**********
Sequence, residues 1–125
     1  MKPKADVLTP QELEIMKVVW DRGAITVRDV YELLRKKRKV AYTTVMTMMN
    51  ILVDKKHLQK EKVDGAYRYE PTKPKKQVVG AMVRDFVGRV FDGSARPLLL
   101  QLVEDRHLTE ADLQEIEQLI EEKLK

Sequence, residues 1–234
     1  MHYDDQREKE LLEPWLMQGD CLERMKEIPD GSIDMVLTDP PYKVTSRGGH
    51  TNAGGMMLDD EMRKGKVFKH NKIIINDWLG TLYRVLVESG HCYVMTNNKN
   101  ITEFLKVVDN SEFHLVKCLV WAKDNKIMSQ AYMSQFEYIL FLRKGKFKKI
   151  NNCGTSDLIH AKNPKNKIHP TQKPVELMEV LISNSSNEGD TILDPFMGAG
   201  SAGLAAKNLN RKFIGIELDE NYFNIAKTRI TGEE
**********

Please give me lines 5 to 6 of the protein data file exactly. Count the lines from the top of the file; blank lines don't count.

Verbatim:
Sequence, residues 1–234
     1  MHYDDQREKE LLEPWLMQGD CLERMKEIPD GSIDMVLTDP PYKVTSRGGH